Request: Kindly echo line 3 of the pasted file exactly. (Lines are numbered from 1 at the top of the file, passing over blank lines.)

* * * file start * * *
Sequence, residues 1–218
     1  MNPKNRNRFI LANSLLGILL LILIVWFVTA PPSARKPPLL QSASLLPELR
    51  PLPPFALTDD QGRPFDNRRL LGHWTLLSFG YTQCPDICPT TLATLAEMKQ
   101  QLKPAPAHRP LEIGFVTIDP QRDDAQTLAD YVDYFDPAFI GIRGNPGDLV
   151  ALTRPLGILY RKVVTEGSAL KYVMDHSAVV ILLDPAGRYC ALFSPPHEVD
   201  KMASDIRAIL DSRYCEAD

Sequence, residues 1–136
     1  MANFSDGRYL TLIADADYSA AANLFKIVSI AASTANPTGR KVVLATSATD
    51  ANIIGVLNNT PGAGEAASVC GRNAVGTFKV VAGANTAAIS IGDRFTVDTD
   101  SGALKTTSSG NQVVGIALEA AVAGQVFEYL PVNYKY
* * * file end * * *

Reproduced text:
    51  PLPPFALTDD QGRPFDNRRL LGHWTLLSFG YTQCPDICPT TLATLAEMKQ